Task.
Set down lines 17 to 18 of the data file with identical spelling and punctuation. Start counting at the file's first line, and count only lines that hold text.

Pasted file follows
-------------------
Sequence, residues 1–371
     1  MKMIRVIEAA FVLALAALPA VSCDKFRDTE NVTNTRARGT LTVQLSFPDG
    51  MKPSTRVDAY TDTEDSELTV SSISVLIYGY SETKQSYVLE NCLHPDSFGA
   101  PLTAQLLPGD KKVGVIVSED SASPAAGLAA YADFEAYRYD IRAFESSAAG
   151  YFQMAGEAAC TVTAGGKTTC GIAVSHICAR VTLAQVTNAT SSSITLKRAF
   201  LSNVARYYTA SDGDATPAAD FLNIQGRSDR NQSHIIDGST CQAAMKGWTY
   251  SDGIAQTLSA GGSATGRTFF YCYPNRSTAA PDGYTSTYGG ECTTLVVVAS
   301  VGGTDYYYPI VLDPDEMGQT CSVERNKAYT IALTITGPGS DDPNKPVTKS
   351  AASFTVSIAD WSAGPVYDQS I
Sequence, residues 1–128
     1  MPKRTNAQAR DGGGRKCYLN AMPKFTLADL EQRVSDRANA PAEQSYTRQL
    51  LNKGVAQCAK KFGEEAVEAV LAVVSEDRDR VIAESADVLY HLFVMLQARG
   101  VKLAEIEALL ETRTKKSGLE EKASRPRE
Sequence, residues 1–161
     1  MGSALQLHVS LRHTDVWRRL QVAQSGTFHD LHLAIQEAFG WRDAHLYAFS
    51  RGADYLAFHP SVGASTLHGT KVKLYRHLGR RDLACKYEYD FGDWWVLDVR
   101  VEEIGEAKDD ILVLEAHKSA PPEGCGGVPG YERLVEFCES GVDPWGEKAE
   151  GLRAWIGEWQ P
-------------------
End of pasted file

   101  VEEIGEAKDD ILVLEAHKSA PPEGCGGVPG YERLVEFCES GVDPWGEKAE
   151  GLRAWIGEWQ P